It’s not quite the new year yet, but let’s get this up before all of the Christmas business take over:
Here’s a secret – any time you put ‘top five’ or ‘top ten’ in your title you increase the likelihood that people will find and read it. I don’t use this trick often, but maybe I should. All the same, I think a list of the top literary couples in fiction does deserve to be highly rated, so I’m glad this post is at the top. And no, this list does not include Romeo and Juliet, or Edward and Bella from Twilight – debate at your leisure whether I made a mistake in leaving them out.
Everyone wants to know the secret for writing the novel everyone will read. Is it actually a matter of following all the rules perfectly and coming up with a bestseller, or is there something more mysterious to the writing process?
Big news this year – ebook sales are going up! And up and up and up. The internet loved to debate endlessly whether this meant the end of the traditional book publishing industry, and here I joined in on the action.
Why is this in the Top 10? Herodotus is cool and all, but I’d argue The Iliad beats him out in the list of ancient works of literature. But my obsession over The Iliad did not make the Top 10 posts of this year, while good old Herodotus did. Glad to know the venerable old historian is still respected.
Putting ‘sex’ in the title is another way to make your page views go up, as I discovered with this post. When readers discovered I was merely ranting about how mediocre authors use random attraction between characters as a motivation for the whole plot of a novel, without any further development of the characters or their motivations, I’m not sure how many of them stuck around. All the same, this is an annoying issue with romance novels that should be resolved!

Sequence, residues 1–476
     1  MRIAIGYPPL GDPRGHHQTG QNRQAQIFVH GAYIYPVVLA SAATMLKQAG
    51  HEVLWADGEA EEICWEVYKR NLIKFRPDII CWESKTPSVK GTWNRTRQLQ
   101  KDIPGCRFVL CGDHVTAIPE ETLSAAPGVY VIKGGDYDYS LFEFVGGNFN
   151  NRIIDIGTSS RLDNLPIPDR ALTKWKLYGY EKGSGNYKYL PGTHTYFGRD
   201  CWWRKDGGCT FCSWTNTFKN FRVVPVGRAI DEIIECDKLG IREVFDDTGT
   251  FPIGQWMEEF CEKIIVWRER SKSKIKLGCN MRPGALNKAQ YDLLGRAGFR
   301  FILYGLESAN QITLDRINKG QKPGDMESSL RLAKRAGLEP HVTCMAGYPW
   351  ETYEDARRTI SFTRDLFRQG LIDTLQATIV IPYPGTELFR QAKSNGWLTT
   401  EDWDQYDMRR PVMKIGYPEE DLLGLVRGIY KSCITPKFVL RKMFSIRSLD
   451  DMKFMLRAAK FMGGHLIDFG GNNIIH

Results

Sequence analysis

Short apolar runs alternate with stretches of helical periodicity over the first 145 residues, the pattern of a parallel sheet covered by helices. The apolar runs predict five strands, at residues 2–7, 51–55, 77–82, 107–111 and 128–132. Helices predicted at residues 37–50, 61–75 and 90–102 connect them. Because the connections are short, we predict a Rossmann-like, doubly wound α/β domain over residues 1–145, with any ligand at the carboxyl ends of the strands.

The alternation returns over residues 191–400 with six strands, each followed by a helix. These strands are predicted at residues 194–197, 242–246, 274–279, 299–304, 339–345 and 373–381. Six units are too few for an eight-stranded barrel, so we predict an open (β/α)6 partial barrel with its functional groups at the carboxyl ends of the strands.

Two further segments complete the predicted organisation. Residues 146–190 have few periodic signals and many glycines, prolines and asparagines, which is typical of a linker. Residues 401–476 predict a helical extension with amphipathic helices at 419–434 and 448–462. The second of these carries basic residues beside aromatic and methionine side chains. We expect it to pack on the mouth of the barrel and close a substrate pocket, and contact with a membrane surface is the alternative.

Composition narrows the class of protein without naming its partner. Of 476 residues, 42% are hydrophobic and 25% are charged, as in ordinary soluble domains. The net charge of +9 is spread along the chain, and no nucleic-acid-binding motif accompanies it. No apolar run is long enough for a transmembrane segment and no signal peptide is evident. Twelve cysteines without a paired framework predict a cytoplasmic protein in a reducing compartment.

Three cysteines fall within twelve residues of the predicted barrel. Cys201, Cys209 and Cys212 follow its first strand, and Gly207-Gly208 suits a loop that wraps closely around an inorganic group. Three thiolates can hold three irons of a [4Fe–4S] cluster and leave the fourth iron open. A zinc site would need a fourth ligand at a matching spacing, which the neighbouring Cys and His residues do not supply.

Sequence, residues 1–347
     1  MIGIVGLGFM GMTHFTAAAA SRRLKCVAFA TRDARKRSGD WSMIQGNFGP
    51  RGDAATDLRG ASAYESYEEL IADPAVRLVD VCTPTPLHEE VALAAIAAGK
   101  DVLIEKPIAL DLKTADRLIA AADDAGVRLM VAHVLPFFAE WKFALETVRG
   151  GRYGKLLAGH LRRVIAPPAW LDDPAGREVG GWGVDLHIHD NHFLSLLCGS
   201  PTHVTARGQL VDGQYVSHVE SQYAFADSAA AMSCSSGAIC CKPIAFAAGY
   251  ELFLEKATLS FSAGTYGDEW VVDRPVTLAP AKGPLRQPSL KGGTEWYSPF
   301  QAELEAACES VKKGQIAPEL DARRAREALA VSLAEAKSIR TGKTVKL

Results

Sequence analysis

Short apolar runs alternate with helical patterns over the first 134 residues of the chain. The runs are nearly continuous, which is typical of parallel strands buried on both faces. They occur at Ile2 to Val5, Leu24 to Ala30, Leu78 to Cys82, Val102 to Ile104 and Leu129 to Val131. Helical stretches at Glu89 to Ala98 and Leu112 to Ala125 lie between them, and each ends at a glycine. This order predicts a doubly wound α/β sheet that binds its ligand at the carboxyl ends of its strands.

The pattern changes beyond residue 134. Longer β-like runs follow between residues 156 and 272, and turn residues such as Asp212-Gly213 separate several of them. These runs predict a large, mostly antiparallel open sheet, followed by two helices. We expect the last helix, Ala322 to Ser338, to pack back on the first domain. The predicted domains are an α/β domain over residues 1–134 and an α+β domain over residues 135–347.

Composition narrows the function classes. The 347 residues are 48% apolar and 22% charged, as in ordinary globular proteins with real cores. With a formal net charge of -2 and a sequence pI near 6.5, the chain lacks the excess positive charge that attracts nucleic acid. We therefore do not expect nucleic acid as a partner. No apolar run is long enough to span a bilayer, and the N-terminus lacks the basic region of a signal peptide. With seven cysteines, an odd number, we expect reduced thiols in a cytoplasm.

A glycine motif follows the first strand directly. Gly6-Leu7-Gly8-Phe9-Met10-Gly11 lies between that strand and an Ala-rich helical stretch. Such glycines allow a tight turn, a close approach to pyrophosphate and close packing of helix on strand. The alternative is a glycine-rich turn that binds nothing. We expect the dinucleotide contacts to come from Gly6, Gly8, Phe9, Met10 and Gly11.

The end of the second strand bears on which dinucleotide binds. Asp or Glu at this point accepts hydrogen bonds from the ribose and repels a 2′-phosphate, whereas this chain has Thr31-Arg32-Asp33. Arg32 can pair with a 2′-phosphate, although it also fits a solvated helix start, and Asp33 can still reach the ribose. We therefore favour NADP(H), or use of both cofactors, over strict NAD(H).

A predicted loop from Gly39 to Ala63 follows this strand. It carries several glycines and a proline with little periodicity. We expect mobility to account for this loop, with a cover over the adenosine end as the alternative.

Just talk about Mr. Darcy when talking about romance novels, and most readers will have an opinion. But let’s not talk about whether he’s good-looking, or rich, because that’s been gone over SO MANY times before. And critics love to sneer at Jane Austen fans and claim they’re all delusional gold-diggers. No, let’s look at the complexity of the character Jane Austen created (see character depth, in contrast to the lack of character development described in the post above this one), and see why this is a good reason for fans to enjoy reading about him.
I admitted a struggle I had with my writing, and the post made it into the Top 10.
A monk and a nun get married – it does sound a bit surprising, doesn’t it. And ‘real-life’ romance? Who on earth could this monk and nun actually be?
Glad to see this post in the Top 10, as a history lover, and a lover of sweet stories of real-life romance.
J.R.R. Tolkien has been accused of talking down to his readers. Is this true? With the release of The Hobbit movie, this post is just as timely as ever – if anything, The Hobbit talks down to its readers far more than Lord of the Rings!
AND… The Top Viewed Fiction Post of 2012:
Last year I separated this list into non-fiction and fiction posts. Since I didn’t want to make a list completely composed of chapters from Why Polly? I decided to just mention the top fiction post of my blog last on this list. And surprise, surprise, it is not actually a chapter from Why Polly? – Not Emma, A Missing Chapter from Jane Austen’s Emma actually beats it out! Shows that the classic established authors win every time.
Have a Merry Christmas and a fantastic New Year! Thanks for reading!